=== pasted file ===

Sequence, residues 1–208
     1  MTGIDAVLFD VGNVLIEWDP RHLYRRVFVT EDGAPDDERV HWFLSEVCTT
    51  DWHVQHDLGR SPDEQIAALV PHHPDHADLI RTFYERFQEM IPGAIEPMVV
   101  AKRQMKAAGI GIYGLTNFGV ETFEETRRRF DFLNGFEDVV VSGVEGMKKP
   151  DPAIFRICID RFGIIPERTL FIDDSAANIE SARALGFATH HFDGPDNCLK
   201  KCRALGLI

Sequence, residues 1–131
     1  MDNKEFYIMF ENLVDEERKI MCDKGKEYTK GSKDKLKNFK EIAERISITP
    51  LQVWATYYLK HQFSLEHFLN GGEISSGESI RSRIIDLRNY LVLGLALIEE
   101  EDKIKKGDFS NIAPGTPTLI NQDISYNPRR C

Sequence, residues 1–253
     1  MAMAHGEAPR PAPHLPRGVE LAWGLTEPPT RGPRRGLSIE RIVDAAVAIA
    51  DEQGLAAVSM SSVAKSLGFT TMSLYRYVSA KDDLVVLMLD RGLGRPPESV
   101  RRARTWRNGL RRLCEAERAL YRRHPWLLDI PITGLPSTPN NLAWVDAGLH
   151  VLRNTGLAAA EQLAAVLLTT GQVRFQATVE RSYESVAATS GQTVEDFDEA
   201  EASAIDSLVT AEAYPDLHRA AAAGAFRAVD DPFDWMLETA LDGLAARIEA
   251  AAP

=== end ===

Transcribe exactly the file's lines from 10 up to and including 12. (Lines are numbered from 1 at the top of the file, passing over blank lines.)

   101  EDKIKKGDFS NIAPGTPTLI NQDISYNPRR C

Sequence, residues 1–253
     1  MAMAHGEAPR PAPHLPRGVE LAWGLTEPPT RGPRRGLSIE RIVDAAVAIA